More than 100 King County schools don’t meet measles vaccination standards
...And we examine how King County compares with Clark County, heart of a measles outbreak.
A measles outbreak in southwestern Washington state appears to have spread to the Seattle area.
A 50-year-old man from south King County was hospitalized last week after developing symptoms. The man had traveled to Vancouver, Washington, where there is an ongoing measles outbreak. He has since recovered.
Public health officials released where the man had been in the days leading up to his hospitalization, as measles can remain in the air for two hours after someone with the infection has been there. He had attended a basketball game at Kentlake High School, a Boeing construction site in Auburn and Valley Medical urgent care in Covington.
A press release from King County public health says that people who were in the area for two hours after the man left could be at risk, particularly those who have not been vaccinated. The measles vaccine (which is combined with the mumps and rubella vaccine) provides 95 percent protection.
Twenty-three people have been diagnosed with measles in Clark County, and two more people are believed to have the illness.
How does Clark County compare to King County?
In Clark County, the vaccination rate for measles is 84.5 percent. King County’s vaccination rate is higher, 91 percent.
But Jeffrey Duchin, head of King County public health, warned that’s an average.
"It masks a lot of smaller communities and schools where the vaccination rates are very worrisome,” Duchin said.
KING COUNTY KINDERGARTNERS:
*Editor's note, 3 p.m. Friday, Jan. 25: We are currently checking the number for Bright Water School. John Healy, chair of the board at Bright Water School, wrote to say school administrators believe this number is inaccurate, and that different numbers were provided to the state, ones that show that Bright Water has far more students in compliance. We will update when we have the new numbers.
CLARK COUNTY KINDERGARTNERS:
Both counties have pockets where large numbers of children are not vaccinated. In Clark County, those areas are in the eastern, more rural part of the county. Two of the exposure points were large Russian churches.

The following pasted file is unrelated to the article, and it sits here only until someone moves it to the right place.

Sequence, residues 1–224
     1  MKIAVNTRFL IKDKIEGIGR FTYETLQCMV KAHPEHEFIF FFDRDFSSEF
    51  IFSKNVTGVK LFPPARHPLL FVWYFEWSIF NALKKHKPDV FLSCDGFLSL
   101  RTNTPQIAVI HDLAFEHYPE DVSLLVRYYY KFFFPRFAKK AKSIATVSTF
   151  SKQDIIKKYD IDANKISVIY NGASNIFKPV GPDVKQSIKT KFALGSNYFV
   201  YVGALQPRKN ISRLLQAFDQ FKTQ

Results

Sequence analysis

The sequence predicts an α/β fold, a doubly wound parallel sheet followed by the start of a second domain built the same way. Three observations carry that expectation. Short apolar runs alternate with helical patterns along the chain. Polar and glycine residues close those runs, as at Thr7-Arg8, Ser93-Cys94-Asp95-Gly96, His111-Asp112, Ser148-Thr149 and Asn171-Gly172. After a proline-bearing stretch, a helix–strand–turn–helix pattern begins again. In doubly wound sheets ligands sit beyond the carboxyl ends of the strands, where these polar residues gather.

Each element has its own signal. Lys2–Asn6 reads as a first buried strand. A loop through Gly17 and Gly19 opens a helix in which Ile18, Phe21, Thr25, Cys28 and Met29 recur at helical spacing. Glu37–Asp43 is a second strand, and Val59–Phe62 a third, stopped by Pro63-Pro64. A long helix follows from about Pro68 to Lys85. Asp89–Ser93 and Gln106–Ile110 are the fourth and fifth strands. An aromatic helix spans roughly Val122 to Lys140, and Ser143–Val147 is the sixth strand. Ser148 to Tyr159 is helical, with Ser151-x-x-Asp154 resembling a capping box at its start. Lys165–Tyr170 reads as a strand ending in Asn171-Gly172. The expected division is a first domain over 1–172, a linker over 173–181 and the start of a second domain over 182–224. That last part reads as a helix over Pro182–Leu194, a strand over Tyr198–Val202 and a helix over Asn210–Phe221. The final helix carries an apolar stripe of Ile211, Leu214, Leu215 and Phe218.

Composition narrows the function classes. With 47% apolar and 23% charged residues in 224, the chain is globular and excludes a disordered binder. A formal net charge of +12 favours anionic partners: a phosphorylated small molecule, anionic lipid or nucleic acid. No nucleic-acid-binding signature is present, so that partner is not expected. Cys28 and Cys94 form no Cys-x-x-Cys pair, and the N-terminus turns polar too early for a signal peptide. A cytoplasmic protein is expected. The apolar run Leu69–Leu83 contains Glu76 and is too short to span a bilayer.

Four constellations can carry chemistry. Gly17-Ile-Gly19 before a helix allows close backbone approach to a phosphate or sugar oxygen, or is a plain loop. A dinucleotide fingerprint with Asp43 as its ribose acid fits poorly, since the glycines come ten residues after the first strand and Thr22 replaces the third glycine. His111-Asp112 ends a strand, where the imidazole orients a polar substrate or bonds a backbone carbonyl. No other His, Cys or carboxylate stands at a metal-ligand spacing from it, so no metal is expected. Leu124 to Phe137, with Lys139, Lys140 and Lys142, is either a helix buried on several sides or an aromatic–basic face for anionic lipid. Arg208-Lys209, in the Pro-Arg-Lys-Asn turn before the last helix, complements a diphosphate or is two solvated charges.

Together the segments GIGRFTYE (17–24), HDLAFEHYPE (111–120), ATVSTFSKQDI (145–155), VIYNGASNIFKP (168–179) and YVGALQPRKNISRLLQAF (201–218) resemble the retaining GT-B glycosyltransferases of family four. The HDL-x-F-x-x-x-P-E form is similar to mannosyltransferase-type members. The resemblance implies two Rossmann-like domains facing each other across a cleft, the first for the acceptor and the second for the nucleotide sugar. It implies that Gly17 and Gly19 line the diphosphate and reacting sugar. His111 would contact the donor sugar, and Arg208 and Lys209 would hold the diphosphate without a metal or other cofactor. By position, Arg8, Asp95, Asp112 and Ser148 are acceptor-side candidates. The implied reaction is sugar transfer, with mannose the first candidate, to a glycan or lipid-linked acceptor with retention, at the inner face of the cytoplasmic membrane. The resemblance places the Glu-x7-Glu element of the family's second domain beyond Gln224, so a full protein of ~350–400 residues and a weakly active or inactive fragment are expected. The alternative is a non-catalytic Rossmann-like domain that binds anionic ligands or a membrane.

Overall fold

In Seattle, however, the pockets with low vaccination rates tend to be in the northwest part of town, which is whiter and wealthier than most of the rest of the city.
Duchin said that if immunization rates are below 90 percent, "you really should be concerned. That community is vulnerable to a measles outbreak."
At least thirty eight schools in Seattle have a rate of 90 percent or below for measles immunizations. At some schools, most of the kids haven't been vaccinated.
But it's not too late to change one's mind, Duchin said. He said if someone has been exposed to measles, there’s still a benefit to getting the vaccine.
"In the time that it takes measles to develop you could also develop protection from the vaccination," he said.
He stressed getting vaccinations to protect others who have weak immunity or cannot be vaccinated. Unvaccinated people with compromised immunity, infants, and pregnant women are especially vulnerable to the virus.
Vaccines have been hotly debated since the American Revolution, when small pox engulfed the Northeast.
The measles, mumps and rubella vaccine was controversial after a British doctor published a paper linking the vaccine to autism. His research was debunked, but its impact was long-lasting, and vaccine rates plummeted worldwide, including in Washington state. After a dip in 2008-2009, vaccine rates are slowly rising.